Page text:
We are currently faced with the question of how the CoV-2 severity may change in the years ahead. Our analysis of immunological and epidemiological data on endemic human coronaviruses (HCoVs) shows that infection-blocking immunity wanes rapidly, but disease-reducing immunity is long-lived.
Our model, incorporating these components of immunity, recapitulates both the current severity of CoV-2 and the benign nature of HCoVs, suggesting that once the endemic phase is reached and primary exposure is in childhood, CoV-2 may be no more virulent than the common cold.
We predict a different outcome for an emergent coronavirus that causes severe disease in children. These results reinforce the importance of behavioral containment during pandemic vaccine rollout, while prompting us to evaluate scenarios for continuing vaccination in the endemic phase.
If frequent boosting of immunity by ongoing virus circulation is required to maintain protection from pathology, then it may be best for the vaccine to mimic natural immunity insofar as preventing pathology without blocking ongoing virus circulation.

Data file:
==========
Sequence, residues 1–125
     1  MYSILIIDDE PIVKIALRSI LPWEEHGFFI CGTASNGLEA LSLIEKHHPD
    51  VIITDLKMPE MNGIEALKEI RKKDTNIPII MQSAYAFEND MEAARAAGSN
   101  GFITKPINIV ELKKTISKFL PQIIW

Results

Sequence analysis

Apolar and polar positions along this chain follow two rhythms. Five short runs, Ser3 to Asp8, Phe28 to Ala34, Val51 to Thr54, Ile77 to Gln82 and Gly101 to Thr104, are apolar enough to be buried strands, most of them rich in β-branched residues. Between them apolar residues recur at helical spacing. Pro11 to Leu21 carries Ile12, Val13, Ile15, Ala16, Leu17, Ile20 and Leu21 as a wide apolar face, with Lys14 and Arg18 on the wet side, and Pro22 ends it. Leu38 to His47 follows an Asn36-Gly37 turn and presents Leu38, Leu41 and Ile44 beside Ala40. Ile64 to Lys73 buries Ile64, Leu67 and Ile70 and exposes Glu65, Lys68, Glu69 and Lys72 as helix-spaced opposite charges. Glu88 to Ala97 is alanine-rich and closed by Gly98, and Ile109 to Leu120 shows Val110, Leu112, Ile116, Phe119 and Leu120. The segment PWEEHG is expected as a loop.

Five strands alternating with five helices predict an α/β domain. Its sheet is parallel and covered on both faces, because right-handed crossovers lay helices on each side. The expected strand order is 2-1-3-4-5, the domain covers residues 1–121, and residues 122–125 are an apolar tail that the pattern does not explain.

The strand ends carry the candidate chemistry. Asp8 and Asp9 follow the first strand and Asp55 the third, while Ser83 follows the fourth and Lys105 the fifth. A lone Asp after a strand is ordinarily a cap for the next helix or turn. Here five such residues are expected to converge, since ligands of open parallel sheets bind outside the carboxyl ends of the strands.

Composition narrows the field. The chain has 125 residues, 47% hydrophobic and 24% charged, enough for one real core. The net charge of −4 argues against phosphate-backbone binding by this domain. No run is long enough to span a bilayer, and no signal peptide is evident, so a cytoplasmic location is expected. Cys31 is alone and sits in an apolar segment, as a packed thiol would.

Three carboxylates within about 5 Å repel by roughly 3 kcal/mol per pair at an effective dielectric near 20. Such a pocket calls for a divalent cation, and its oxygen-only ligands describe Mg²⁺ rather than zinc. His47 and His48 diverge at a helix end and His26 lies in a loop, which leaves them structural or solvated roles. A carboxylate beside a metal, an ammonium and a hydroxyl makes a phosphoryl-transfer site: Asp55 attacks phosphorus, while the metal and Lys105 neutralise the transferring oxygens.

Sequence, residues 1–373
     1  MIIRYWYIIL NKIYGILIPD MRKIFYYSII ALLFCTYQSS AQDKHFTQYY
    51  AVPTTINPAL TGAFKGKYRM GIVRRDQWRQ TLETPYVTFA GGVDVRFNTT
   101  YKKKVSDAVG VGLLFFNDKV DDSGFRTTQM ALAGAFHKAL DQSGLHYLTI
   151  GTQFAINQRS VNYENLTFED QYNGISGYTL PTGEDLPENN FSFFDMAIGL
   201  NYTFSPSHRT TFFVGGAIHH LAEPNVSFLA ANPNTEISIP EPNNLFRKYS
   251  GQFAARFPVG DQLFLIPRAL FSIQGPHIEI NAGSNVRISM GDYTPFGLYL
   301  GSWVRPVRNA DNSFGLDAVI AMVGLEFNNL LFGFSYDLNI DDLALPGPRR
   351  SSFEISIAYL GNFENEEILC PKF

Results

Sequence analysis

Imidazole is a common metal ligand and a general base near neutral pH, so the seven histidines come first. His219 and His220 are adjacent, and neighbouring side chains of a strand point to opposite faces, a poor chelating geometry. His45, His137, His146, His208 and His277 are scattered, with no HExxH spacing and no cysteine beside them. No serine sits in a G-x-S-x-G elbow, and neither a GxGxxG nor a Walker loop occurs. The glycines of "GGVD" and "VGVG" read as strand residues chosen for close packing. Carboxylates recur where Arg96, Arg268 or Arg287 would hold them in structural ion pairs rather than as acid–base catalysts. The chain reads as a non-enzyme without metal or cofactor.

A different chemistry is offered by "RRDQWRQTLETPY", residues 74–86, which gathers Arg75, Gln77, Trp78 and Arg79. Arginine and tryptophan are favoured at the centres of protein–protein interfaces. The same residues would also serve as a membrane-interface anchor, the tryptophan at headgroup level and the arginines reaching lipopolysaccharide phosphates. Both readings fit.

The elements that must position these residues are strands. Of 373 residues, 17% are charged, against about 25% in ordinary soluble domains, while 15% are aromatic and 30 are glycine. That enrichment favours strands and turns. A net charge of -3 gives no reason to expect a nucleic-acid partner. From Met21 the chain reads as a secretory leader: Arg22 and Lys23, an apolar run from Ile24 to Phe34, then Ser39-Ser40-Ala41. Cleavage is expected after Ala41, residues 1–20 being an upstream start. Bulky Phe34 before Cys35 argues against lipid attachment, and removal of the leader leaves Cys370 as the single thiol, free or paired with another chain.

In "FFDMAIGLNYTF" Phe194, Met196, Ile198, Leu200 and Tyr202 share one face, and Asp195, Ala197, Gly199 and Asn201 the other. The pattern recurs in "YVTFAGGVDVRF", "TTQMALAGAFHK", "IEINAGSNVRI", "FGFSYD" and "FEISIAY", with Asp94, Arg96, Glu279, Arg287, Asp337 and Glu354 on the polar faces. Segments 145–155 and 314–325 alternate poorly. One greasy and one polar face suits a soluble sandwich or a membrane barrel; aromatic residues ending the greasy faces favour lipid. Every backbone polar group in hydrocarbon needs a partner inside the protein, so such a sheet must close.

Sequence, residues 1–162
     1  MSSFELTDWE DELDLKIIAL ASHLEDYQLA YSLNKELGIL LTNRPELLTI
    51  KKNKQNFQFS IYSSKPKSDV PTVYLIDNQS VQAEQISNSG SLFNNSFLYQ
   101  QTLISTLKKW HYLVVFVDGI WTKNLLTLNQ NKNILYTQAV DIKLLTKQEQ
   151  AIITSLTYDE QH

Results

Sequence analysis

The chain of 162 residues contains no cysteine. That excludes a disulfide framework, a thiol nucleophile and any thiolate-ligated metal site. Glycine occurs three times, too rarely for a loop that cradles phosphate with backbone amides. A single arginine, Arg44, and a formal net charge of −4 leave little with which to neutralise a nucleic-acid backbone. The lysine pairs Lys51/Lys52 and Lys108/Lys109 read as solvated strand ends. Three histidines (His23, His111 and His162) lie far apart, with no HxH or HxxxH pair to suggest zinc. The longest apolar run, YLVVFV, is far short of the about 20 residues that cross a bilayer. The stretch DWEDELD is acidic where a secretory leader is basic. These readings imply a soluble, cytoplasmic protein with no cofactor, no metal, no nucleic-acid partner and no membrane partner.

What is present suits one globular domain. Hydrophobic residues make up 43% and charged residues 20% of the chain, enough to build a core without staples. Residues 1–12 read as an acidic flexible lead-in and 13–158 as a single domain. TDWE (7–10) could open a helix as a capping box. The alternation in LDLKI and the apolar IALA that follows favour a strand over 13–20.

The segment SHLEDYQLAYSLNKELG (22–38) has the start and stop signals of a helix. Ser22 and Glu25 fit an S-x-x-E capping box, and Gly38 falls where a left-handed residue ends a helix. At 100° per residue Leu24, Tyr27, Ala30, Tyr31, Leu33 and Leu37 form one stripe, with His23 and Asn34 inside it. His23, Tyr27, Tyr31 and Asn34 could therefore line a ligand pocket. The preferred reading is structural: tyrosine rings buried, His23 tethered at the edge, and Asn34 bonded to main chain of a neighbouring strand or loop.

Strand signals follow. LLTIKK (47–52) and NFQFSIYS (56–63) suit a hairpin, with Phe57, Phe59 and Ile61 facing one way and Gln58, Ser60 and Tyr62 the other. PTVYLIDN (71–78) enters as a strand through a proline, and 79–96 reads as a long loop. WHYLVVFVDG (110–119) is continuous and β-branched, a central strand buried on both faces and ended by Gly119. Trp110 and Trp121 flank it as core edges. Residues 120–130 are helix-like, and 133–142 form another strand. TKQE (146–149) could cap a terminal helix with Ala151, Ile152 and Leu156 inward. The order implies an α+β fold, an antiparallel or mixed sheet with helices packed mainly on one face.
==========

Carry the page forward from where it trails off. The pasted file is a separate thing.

Preliminary results suggest the adenovirus-based vaccine is better at preventing severe than mild or asymptomatic infections, and it will be important to collect similar data for the other vaccines.
Should the vaccine cause a major reduction in transmission, it might be important to consider strategies that target delivery to older individuals for whom infection can cause higher morbidity and mortality, while allowing natural immunity and transmission to be maintained in younger individuals.
The findings presented here suggest that using symptoms as a surveillance tool to curb the virus’s spread will become more difficult, as milder reinfections increasingly contribute to chains of transmission and population level attack rates.
In addition, infection or vaccination may protect against disease but not provide the type of transmission-blocking immunity that allows for shielding or the generation of long-term herd immunity.